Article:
Arizona resident pens novel about mother from Vallonia

It was in 1996 when Patty Schoenfeld was helping clean out her mother’s home and found a box of letters in a closet.

Tragedy had struck, and her 86-year-old mother was forced to move in with Schoenfeld’s brother, John Foster, in Utah after being seriously assaulted by two burglars.

Schoenfeld figured the box, which wound up at her sister’s home for safe keeping, contained letters from friends and Christmas cards.

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Nearly 20 years later, Schoenfeld, who lives in Arizona, discovered the letters had been exchanged by her mother, Anise Fosbrink, and a man with whom she had been engaged — something her mother had kept a secret over the years.

Fosbrink was born in 1910 and had spent most of her life in Arizona.

Fosbrink, however, was born in Vallonia and graduated from Vallonia High School, and that’s where the young Indiana farm girl met Bill Shaw.

Shaw and Fosbrink fell in love and became engaged.

Schoenfeld read through the letters, around 650 written between 1927 and 1935, and saw how much the two loved each other.

Fosbrink and Shaw had much different circumstances. He was trying to find work any way he could and had moved to Hamilton, Ohio, while Fosbrink pursued an education from Indiana University and later became a teacher.

But the letters held them together, and their affection for each other was real.

Schoenfeld found the letters so inspiring and beautiful, she felt compelled to document them in a novel.

So in 2015, shortly after she had discovered the content of all of those letters, she began writing “The Starve Hollow Affair,” replacing the name Bill with Dale and Anise with Anna.

Schoenfeld was a nurse by trade but felt someone should write a book based on the letters, so she took private courses from an author near Scottsdale, Arizona, to hone her book-writing skills.

She also joined writing groups and wrote 13 hours a day for a couple of years and took about a year off work.

“I wanted to write the book because the letters were so beautiful,” she said. “The book carries the story through the letters.”

“The Starve Hollow Affair” was released in March and is a historical fiction romance novel.

The book almost didn’t happen because of copyright issues because she owned the letters but not the content. A lawyer advised her she could not write and publish the book.

“Everyone was deceased, but I didn’t have the permission to use it,” she said.

So she scoured the internet and came across Shaw’s son, David, in New Hampshire and asked for permission.

“He said, ‘Oh, publish it,’” she said. “He knew about my mother.”

Schoenfeld said David knew all about his father except for five years. The letters were able to fill that gap.

Set during the Great Depression, the book begins with a tragic incident decades later in 1996 when Fosbrink’s home was invaded by two burglars that assaulted her and stole from her.

“She was 86 and living in Phoenix alone,” Schoenfeld said. “We had tried to get her to move before that, but she wouldn’t. The police said the neighborhood had gone downhill so bad and that she needed to leave.”

Fosbrink and Shaw had gone to school together and had met when he was 11 and she was 8. After he graduated, he moved to Hamilton, Ohio, because his father was in prison and his family wanted to leave the Jackson County area.

That’s when he began writing her letters.

“They fell in love through their letters,” Schoenfeld said.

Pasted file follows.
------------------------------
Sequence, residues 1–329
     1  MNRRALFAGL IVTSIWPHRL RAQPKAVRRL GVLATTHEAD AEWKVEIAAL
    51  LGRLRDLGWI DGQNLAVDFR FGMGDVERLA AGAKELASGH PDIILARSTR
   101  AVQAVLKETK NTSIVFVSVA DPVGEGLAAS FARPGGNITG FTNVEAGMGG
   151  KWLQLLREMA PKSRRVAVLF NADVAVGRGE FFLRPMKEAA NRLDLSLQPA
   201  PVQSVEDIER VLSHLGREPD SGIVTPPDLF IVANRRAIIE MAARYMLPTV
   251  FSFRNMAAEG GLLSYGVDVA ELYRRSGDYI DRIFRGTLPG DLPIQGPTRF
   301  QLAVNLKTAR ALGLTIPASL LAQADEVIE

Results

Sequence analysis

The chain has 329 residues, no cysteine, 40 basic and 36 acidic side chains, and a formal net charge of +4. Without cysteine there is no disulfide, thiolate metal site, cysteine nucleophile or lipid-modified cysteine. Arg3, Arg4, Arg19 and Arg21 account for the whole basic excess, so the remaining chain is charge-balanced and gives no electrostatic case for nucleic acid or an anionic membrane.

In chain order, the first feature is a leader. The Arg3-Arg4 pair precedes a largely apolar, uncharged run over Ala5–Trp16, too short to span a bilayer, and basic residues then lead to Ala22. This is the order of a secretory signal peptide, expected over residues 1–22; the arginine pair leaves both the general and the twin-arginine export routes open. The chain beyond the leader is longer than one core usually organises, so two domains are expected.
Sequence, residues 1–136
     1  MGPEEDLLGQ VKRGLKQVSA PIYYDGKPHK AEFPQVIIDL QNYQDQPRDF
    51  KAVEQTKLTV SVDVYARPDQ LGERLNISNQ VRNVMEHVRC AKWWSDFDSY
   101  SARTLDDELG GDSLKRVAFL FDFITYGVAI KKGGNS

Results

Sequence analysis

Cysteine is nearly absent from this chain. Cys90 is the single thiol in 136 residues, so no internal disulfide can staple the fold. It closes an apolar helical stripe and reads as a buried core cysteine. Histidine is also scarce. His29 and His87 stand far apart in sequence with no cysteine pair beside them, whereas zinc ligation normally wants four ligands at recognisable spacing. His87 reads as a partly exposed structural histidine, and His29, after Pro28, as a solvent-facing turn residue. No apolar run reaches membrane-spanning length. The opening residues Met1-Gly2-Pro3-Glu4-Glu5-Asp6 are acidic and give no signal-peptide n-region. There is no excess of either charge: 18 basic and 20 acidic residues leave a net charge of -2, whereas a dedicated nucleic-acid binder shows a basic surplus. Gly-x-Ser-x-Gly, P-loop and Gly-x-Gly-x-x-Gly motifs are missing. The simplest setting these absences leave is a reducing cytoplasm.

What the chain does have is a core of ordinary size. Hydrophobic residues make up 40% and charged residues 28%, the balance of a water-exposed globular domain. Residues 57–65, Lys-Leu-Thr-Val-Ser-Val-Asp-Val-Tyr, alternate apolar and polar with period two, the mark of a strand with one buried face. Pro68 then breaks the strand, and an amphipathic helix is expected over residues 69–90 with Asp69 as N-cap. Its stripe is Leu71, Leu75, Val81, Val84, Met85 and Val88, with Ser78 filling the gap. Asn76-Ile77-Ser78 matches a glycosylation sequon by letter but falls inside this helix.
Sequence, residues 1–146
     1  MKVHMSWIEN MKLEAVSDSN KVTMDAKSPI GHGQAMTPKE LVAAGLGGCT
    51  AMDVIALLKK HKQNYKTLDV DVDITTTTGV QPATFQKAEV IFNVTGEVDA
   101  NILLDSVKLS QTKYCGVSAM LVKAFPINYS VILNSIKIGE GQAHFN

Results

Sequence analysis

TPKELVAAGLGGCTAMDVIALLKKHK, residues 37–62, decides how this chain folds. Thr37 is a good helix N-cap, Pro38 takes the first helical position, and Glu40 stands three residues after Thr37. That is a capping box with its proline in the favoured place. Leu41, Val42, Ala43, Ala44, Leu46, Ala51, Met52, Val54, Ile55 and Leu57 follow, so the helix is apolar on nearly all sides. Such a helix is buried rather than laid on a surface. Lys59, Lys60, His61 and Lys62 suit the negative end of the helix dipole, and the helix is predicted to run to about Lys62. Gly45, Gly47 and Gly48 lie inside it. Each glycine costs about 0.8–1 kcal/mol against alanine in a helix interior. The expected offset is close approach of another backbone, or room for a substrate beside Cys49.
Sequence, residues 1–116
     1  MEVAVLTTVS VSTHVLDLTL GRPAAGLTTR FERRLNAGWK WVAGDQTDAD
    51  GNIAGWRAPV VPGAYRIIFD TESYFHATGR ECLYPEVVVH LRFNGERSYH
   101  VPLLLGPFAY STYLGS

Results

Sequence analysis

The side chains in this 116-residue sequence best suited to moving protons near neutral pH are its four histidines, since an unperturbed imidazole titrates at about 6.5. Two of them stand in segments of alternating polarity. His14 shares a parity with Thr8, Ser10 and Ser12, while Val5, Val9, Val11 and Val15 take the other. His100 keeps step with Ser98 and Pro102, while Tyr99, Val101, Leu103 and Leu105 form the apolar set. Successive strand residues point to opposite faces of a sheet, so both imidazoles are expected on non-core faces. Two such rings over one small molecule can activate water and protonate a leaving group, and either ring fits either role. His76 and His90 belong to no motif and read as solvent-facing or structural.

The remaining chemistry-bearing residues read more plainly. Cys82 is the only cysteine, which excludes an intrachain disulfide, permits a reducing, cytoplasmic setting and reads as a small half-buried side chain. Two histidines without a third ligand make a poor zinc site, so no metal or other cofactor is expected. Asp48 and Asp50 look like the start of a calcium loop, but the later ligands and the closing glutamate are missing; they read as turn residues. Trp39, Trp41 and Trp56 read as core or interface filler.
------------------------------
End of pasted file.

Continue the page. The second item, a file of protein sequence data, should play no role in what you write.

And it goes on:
She said Shaw was very smart and well-read and attended Columbia College in Chicago because he ran out of money.

The two were engaged and together for five years, but Fosbrink called off the engagement after she met Schoenfeld’s father.

Fosbrink had encouraged Shaw to attend school, but he didn’t at that time, although he later wound up becoming a psychology professor.

He worked a number of jobs, some only for 25 cents an hour, and saved enough money to visit her at Indiana University, but at that point, she had already met Schoenfeld’s father.

“She told him that she no longer felt the same, and he was devastated,” Schoenfeld said.

Shaw remained in the area and enrolled at Indiana University to study, Schoenfeld said.

“They were still communicating, and she felt bad because it wasn’t his fault,” she said.

The book takes a few twists and turns, but its 54 chapters are constantly guided by the letters. The book includes transcripts of the letters before continuing the story.

Schoenfeld said readers have so far given her a lot of great feedback.

“I am enjoying the response I’m getting,” she said.

Schoenfeld said people have told her how the story is well-written and hard to put down.

“Those things are great to hear,” she said.

Schoenfeld said it was rewarding to give the book to her aunt, who is in her 80s.

“She wanted that book in her hands,” she said.

Schoenfeld and Foster made a trip earlier this spring to Jackson County to see Starve Hollow and visit Joe Peters of Brownstown, who is their second cousin. Peters helped put together a lot of details for the book.

The two have been to Jackson County before a few times for family reunions and brief visits.

Both said it was clear their mother cared deeply about Shaw and the letters.

“The letters were important to her, and she left them for a reason,” Schoenfeld said, adding the letters followed Forbrink through her moves from Bloomington, Rushville, Arizona and more.

“They were always protected, too,” Schoenfeld said, and she feels her mother left the letters for her to find.

“I think I was supposed to write this book, and I think she left them here for me to,” she said.

Schoenfeld already is working on a sequel, “The Final Air Castle.”

“The Starve Hollow Affair” can be purchased by searching for its title on amazon.com.